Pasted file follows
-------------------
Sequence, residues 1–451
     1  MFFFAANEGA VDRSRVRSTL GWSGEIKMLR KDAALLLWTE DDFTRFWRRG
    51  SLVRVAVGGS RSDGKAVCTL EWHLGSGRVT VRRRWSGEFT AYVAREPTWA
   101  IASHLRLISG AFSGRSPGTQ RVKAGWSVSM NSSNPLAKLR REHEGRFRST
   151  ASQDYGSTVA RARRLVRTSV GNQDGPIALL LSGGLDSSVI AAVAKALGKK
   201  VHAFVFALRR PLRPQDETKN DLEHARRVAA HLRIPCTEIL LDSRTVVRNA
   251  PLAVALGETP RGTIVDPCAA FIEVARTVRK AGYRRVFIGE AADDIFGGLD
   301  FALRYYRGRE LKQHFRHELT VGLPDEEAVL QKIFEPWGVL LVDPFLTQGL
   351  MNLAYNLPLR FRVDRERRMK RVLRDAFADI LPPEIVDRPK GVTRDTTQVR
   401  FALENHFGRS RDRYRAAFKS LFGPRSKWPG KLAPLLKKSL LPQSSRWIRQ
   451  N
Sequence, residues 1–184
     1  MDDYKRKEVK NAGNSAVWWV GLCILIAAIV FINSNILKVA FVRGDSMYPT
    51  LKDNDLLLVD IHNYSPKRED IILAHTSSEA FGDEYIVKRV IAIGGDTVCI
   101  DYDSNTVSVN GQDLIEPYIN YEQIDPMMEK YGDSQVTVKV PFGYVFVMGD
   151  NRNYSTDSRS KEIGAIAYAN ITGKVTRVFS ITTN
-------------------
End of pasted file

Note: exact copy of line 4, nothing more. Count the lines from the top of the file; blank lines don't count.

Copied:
   101  IASHLRLISG AFSGRSPGTQ RVKAGWSVSM NSSNPLAKLR REHEGRFRST